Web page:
Steinfeld plays Nadine, a High School Junior who has very little in life that makes her happy. She feels overshadowed by her older brother Darian (Blake Jenner), and does not get too well along with her single mom Mona (Kyra Sedgwick). Her one ray of hope is her best friend Krista (Haley Lu Richardson). They are peas in a pod, the type of friends who will hold back the other’s hair while they are throwing up in the toilet. This all changes when Krista hooks up with Darian.

The movie’s first time director, Kelly Fremon Craig, also wrote the screenplay. It is full of dialogue with wit and charm we all love to take out of a coming of age movie, including Nadine and her new friend Erwin (Hayden Szeto). Still, the best scenes are when Nadine has her conversations with her history teacher, Mr. Bruner (a sensational Woody Harrelson). Not many teachers will respond to a student’s over the top decision to commit suicide by reciting his own suicide note. Harrelson and Steinfeld are magical.

Parents, the movie is Rated R for good reason, but it does not mean High Schoolers should not see it (that is, the mature ones). There is a lot of swearing and sexual dialogue (mainly when Nadine is talking about her crush Nick, played by Alexander Calvert). There is also a scene in a car that does go on for a bit, but nothing is shown. Basically, I would say Juniors and up are fine.

The movie did take some turns I did not entirely appreciate (it reminded me a little of Fast Times at Ridgemont High, a movie I was not a fan of). Still, in the coming of age movie genre, The Edge of Seventeen does place a staple along others. The late John Hughes would tip his hat to this film.

Overall: Four Stars ****

A Walk to Remember (2002)

a walk to remember

GASP! A teenage romantic flick with wit and chemistry!

I will take the stand of Mandy Moore’s character Jaime, and not care what you think of me. I came across this movie back in 8th grade, and despite a girl at my lunch table named Mary who ruined the ending (which I will not), I found myself to really like A Walk to Remember. Even over a decade later, it is still enchanting to me, and even gets the tears flowing.

For those who don’t know, it tells the story of Lance (Shane West), a high schooler who is put on many punishments for a prank gone wrong (being in a school play, tutoring, etc). At all these places he finds Jaime (Mandy Moore), who is there because that is the type of girl she is: the daughter of a Reverend (played by Peter Coyote), who does not mind wearing the same sweater every day.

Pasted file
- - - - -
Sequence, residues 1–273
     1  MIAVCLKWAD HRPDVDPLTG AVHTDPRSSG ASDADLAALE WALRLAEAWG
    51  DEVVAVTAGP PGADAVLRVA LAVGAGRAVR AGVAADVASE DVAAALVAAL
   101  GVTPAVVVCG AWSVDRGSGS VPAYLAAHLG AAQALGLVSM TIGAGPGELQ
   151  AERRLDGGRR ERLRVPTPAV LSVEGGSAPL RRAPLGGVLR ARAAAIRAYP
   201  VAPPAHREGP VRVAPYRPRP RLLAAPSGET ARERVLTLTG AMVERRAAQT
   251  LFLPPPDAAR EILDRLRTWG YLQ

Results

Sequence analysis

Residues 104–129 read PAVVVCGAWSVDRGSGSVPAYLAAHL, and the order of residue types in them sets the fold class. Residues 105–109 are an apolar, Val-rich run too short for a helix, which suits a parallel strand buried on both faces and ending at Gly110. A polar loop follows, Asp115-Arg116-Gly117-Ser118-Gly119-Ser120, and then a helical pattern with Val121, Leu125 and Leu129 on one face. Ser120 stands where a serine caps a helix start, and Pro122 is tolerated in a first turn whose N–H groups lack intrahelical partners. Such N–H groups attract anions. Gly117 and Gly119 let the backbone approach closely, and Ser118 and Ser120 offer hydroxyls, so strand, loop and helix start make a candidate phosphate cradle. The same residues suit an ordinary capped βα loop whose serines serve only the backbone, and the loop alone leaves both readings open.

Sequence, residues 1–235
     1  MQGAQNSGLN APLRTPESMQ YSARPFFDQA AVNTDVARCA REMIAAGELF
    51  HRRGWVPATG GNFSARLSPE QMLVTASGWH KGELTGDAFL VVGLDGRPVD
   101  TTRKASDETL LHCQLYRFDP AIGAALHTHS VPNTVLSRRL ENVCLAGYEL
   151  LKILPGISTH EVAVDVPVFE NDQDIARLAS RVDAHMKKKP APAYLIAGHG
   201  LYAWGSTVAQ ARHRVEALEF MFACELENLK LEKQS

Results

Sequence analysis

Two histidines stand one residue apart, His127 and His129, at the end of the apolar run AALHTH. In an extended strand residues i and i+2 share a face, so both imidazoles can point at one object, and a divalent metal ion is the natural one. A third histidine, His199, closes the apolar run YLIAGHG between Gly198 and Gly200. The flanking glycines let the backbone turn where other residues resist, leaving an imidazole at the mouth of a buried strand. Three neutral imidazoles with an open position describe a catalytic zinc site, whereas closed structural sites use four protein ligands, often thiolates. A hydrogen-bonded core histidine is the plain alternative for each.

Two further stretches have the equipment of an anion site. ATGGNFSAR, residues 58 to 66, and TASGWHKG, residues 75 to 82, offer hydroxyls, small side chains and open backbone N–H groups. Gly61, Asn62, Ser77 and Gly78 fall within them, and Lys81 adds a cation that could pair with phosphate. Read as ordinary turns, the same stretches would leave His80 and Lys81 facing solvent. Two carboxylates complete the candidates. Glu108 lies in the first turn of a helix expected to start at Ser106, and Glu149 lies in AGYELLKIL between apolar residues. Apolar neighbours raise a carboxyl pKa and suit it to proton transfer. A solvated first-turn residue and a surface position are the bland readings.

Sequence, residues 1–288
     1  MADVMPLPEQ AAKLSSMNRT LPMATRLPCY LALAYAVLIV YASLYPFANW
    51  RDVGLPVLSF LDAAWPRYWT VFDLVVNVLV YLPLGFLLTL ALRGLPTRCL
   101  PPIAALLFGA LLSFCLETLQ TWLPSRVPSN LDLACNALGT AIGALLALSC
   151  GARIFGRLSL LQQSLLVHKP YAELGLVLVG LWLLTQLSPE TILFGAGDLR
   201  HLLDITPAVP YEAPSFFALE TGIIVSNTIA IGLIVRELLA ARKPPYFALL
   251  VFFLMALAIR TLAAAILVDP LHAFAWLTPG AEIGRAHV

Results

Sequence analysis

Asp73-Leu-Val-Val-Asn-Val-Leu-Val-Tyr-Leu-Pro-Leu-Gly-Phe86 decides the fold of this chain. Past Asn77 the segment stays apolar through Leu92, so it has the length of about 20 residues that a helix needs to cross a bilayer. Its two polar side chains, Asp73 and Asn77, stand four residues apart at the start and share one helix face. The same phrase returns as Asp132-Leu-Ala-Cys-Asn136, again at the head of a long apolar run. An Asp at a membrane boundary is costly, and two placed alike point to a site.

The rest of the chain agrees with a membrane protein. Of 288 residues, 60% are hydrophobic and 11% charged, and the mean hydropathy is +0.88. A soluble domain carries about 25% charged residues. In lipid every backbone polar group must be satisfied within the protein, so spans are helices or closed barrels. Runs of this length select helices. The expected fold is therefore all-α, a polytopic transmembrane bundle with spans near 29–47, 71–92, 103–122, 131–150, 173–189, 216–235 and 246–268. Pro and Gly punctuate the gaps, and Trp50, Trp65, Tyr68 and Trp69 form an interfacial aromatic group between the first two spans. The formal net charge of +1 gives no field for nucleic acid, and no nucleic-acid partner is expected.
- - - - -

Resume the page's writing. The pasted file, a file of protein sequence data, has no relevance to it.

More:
That they eventually fall in love is obvious. It is the way they get there that is the core of this nearly forgotten film. Lance is a popular kid, but the shell around his heart eventually starts to wither away. Jaime is as kind as she seems, but won’t take disloyalty sitting down either. Moore and West do very nice work together.

Another thing I like about the film is, unlike many other movies based off of books by Nicholas Sparks, the characters don’t seem to find a need to sleep together. I doubt I am ruining anything, for the movie is rated PG (and should be fine for most kids middle school and up). After all, Casablanca did not have any scenes of sexuality, did it?

Recently, I saw the disappointing Me before you, in which the film ends with the characters not standing up for what they want to, and letting others make the choices for them. In A Walk to Remember, the characters seem real, and we feel for their triumphs and their failures. Those they can control, and those they cannot.

A Walk to Remember is one of the most underrated films I can think of.

 

Overall: Four Stars ****

Snow Angels (2007)

Snow Angels

Sam Rockwell and Kate Beckinsale.

 

67% is where Snow Angels stands on Rotten Tomatoes. It made a little over 400,000 dollars GLOBALLY. I state these facts not to turn you away from the movie, but as proof that this may be one of the most underrated films I have ever seen. I named it my favorite movie of 2008, and I still stand by that.

It starts off at a Marching Band practice (I did Marching Band in High School, and this movie gets it right). We here two gun shots, and we know this movie is about a small town. The story is a slice of life. There are two main characters (the first is Arthur) that we see the lives of. The first is Annie (Kate Beckinsale, in what may be her best performance), a run down, divorced mom of one living with her own mother. She works at the local Chinese Restaurant with Arthur, (Michael Angarano), who Annie used to babysit. The dialogue here is so real it is almost scary (notice the scene at the begining where Annie is talking about a time she “married” Arthur to another kid when Arthur was young).

Both characters have flaws that are not like ones you will find in cliche movies, but that you would find in life. Annie is trying to recover from her divorce from Glenn (played outstandingly by Sam Rockwell), who is trying to recover from his past mistakes. Meanwhile, Annie is having an affair with Nate (Nicky Katt), the husband of her co worker Barb (Amy Sedaris). Katt plays Nate as someone who is (like so many in real life) really REALLY bad at lying.

Arthur’s parents are on the eve of divorce, and then meets the new girl Lila (Olivia Thirlby, also great here). There are seldom scenes in any movie I have ever seen that are truer than those with Arthur and Lila. Their chemistry together is truly magical, and is a testament to the young actors’ talents. It is one of the best examples of young love I have seen on celluloid (the scene where they say they like each other is sensational).

Things happen in “Snow Angels” that are funny, but also things that are very sad. I won’t ruin them for you. All I will say is that the director (David Gordon Green, who made this before he was making comedies like “Your Highness” and “The Sitter”) has made a film about normal people with normal struggles. There are so many examples of human behaviors that are hidden in site on the screen: a kid opening their eyes during a prayer, people saying “Cool Beans”, a school getting out early to help with a community issue, and so on.

Parents, the movie is rated R for Language and some sexual material. There are a lot of swears, but none that the normal High Schooler has not heard. The sexual material is there, but very brief. That all aside, this movie is a forgotten masterpiece, that deserves more attention.

Rating: Five Stars *****